Clarenville, Newfoundland and Labrador, Canada: The Town of Clarenville has installed surveillance cameras to stop illegal dumping and vandalism of public places, and Bonavista is considering doing the same.
Clarenville recently bought two security cameras for what chief administrative officer Bob Hiscock estimates to be about $300 each, and they plan to buy a third. Municipal employees will set them in places that have previously been trouble spots for vandalism and illegal dumping. Hiscock says even he doesn’t know where they are.
Recently someone sent the Packet photos taken on July 16 of a dryer, couch, and electric fan dumped on the Bare Mountain Trail near Summerview Heights.
Hiscock says the town will prosecute anyone caught illegally dumping by the new cameras, and they’ll be forced to pay for the cost of disposal.
“We’d much rather it be stopped than have to take people to court and lay charges, which is our intent to do,” he says. “We don’t want to do that. The best way for us not to be doing that is for people not to be dumping.”
The cameras are meant to be as much a deterrent as evidence to be used in a criminal trial, and Hiscock says he hopes they’ll make people think twice about dumping their garbage in public places. The Clarenville landfill takes large waste such as refrigerators free of charge, and it’s open on Saturdays. Hiscock says there’s no excuse to dump illegally in Clarenville, yet several reports of illegal dumping have come up so far this summer.
The Multi-Materials Stewardship Board (MMSB) has a program that helps municipalities pay for security cameras to prevent illegal dumping. Hiscock says they didn’t take advantage of the program this year because the illegal dumping didn’t start until after the deadline to apply had passed.
Coun. Heber Smith, the chair of town council’s beautification committee, says the problem of illegal dumping may get worse next year, when the Clarenville landfill is scheduled to close and be replaced by a regional transfer station. People may have to start paying tipping fees to get rid of things like large household furniture and appliances, according to Smith, which would encourage more people to dump illegally.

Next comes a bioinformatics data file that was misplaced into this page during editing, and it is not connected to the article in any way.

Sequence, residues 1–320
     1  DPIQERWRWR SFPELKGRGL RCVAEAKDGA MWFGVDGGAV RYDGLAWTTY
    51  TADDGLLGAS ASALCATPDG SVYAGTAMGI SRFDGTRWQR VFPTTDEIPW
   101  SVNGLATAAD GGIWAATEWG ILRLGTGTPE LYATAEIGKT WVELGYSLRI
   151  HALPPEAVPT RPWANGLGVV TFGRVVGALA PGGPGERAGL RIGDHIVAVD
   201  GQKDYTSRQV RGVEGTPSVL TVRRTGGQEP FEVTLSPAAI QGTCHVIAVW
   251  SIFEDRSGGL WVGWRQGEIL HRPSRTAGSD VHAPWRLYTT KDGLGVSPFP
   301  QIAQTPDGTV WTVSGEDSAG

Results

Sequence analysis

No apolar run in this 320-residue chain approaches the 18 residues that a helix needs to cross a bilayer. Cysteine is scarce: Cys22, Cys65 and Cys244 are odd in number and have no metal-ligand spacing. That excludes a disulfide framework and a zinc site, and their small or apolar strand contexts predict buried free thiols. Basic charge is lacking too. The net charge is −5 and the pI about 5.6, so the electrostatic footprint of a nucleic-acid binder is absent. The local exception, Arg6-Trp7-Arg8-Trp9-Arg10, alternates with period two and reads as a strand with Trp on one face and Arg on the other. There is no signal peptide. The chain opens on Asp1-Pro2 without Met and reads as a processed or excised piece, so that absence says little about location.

Town staff will rotate the two cameras among different locations in Clarenville, both to catch illegal trash dumpers and vandals. Recently, the town put out a $500 award for information leading to the arrest of the person or persons who destroyed signboards along the causeway to Shoal Harbour.
“Our whole idea is to put them in areas where we’ve noticed some problems,” says Smith. “If we can curtail it in those areas, those cameras are pretty versatile, that way we don’t have to keep them in one place, and if need be council in the future may see the need to purchase some more, because it is becoming an issue, both vandalism and garbage.”
Bonavista is also looking at installing cameras. Council there discussed putting four cameras up on the playground and tennis courts, along with a television monitor for $8,600 plus the cost of wiring. The town is holding off on a decision until the total cost is finalized.
Council decided to get cameras after someone marked graffiti on playground equipment and damaged swings for disabled children, according to Fitzgerald.
“We don’t want any more damage done,” she says. “We have to put something up to stop that damage. Hopefully the cameras will show who they are and we’ll take them to court. We have no other choice.”
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